Halifax sailors set to re-create rush of offshore race

LS Spencer Baldwin is at the helm of Sea Smoke, a Bavaria 38 Cruiser, during the Route Halifax Saint Pierre Ocean Race in 2016.

LS Spencer Baldwin is at the helm of Sea Smoke, a Bavaria 38 Cruiser, during the Route Halifax Saint Pierre Ocean Race in 2016.

Ryan Melanson, Trident Staff ~

Being out at sea in HMCS Charlottetown is normally easy-peasy for LS Spencer Baldwin.

But change out the warship for a racing sailboat, and then add 40-knot winds and a shorthanded crew to the mix, and easy-peasy is gone with the wind.

That was the case last summer when LS Baldwin joined Skipper Captain Mike Evans, a weapons tactics analyst at CFB Halifax’s Trinity, and sport sailing veteran, on his Bavaria 38 Cruiser Sea Smoke to compete in the Route Halifax Saint Pierre Ocean Race.

The world-class event is held every two years, with participants racing 365 nautical miles from Halifax to Saint Pierre and Miquelon, a set of French colony islands off the coast of Newfoundland.

LS Baldwin is a second generation Royal Canadian Navy sailor, and he’s taking after his father, PO1 (Retired) Dean Baldwin, who has also been active in the offshore racing community.

LS Baldwin said he’s been sailing recreationally since he was a child, and had been planning for years to try his hand at an ocean race. When he came back East after a posting to Esquimalt, the timing was right and he linked up with Capt Evans.

“I’ve been doing harbour races all my life and I was just dying to do an offshore race,” he said.

Unfortunately, a number of factors added difficulty, and nearly cancelled the race entirely for Capt Evans and his crew. An injury forced a highly experience civilian crewmember out at the last minute, forcing them to take on a sailor who wasn’t familiar with the boat, and during the race itself, seasickness rendered another veteran crewmember unable to play a large role.

This left Capt Evans and two eager, but less experienced, young sailors, to run the show, leading to a nerve-wracking moment when the trio had to double-reef their main sail in the middle of the night through “nor’easter-like” weather.

“I had them in this situation in a real maelstrom of weather, it’s 40 plus knots, the sea state is pounding away, and the boat is crashing off waves,” Capt Evans said.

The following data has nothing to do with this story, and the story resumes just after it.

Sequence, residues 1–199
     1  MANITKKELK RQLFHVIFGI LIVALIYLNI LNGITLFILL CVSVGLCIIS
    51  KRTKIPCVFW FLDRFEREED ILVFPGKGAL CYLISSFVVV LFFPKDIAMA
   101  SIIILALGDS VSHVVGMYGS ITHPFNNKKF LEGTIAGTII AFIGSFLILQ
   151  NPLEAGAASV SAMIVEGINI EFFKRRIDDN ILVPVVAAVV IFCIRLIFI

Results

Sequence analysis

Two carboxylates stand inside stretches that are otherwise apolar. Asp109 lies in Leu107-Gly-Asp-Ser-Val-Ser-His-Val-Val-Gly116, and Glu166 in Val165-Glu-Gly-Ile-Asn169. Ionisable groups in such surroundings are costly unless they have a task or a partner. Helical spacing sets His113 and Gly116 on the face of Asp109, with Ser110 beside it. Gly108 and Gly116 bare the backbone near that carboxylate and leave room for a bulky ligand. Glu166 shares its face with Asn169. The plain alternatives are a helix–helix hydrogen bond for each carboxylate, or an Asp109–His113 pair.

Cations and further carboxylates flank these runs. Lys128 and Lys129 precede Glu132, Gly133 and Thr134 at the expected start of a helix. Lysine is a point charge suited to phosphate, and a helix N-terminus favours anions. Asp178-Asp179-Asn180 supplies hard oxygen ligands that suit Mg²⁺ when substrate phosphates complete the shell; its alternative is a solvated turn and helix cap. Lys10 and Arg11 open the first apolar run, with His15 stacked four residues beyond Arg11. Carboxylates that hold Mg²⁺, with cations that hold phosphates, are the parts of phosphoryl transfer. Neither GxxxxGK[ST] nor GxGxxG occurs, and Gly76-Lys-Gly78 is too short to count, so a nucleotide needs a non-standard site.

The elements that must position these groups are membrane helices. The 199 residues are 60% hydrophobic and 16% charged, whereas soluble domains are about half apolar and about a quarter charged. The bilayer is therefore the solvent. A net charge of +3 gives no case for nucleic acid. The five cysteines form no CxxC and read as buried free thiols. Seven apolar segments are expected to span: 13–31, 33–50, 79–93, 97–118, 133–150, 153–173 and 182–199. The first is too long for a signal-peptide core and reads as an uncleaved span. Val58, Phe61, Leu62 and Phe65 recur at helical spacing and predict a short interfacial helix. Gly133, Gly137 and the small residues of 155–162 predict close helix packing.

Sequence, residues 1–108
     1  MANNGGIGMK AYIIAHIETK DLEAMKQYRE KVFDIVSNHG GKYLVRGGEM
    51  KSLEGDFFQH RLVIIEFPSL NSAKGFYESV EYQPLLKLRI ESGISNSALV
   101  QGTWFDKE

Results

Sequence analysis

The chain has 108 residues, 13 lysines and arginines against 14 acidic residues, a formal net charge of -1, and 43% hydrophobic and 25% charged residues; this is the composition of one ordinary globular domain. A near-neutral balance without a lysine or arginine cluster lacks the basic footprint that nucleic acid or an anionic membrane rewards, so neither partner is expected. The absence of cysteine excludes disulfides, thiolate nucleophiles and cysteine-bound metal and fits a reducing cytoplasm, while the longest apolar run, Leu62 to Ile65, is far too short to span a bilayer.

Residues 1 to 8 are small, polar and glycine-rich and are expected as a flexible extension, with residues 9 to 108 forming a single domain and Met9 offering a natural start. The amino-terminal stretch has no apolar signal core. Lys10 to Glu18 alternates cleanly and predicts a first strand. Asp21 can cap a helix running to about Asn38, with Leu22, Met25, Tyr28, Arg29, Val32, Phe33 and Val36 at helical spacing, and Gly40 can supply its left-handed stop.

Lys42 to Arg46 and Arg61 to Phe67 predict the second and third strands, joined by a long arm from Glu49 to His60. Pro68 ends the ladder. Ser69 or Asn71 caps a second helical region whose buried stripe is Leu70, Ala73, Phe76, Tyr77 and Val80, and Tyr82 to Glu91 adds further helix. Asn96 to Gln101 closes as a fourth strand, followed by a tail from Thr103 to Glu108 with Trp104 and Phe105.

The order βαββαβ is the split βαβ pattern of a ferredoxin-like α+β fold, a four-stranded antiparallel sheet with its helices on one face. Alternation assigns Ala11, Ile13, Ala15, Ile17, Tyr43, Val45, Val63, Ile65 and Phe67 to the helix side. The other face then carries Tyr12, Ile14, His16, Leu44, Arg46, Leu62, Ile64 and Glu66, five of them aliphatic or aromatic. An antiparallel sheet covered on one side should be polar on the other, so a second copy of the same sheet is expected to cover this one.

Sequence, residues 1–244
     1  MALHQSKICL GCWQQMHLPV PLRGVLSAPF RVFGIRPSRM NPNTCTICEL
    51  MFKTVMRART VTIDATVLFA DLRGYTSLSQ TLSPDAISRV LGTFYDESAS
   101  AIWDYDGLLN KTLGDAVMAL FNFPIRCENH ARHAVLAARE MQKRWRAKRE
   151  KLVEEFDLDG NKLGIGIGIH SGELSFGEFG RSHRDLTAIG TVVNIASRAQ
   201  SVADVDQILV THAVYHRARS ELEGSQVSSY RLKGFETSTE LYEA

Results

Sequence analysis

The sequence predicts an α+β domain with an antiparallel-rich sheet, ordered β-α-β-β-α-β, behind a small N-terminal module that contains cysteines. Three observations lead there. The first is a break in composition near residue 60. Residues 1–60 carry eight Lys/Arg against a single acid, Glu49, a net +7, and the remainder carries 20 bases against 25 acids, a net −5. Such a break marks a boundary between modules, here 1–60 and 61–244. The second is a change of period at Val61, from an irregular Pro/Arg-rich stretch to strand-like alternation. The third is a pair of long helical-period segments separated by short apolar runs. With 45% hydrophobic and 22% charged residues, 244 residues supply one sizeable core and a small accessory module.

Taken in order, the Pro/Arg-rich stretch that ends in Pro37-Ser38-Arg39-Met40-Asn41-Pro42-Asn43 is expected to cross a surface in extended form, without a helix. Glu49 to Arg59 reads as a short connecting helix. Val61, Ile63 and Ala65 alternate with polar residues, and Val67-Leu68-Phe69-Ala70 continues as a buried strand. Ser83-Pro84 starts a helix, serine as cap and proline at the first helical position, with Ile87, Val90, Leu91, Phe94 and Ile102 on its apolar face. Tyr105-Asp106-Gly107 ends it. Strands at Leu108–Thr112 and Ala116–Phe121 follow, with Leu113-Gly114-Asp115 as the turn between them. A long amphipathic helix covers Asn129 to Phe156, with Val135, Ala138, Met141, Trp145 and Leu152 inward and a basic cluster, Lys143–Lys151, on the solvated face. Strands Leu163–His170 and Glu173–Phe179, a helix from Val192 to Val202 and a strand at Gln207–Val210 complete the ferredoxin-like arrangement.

“Fortunately, these guys were young enough to still love that stuff, and they both did a great job.”

Despite the setbacks and tense moments, the crew was able to place second in their division, and even kept the excitement going in the final mile, ending up in a tacking duel to pass another competing boat while sailing down a narrow channel toward the finish line.

LS Baldwin ended up playing a larger role than expected for his first race, but he said he wouldn’t trade the experience for anything.

“Being out in the middle of the ocean, but not in a ship, in this much smaller sailboat, was quite the adrenaline rush. It taught me a lot of things in a short period.”

Now, the attention turns to the Marblehead to Halifax Ocean race, another 300-plus nautical mile offshore event taking place this July from the Boston area.

In 2015, Capt Evans took home the Friar Trophy for the best combined result in both the Saint Pierre and Marblehead races, and with the strong finish at the Saint Pierre last year, he’ll be in a good position to win it again.

“That’s certainly what we’ll be shooting for,” he said, adding that the hope is to once again bring LS Baldwin along as part of his crew.

With Charlottetown currently in their workups program preparing for an extended deployment later this year, timing could be difficult, which Capt Evans said is often the case when trying to crew a boat with serving Canadian Armed Forces members. But the Marblehead Race is an opportunity for RCN sailors to show off their nautical skills on an international stage, and the duo will make every effort to team up for another successful race, hopefully with less exciting weather.

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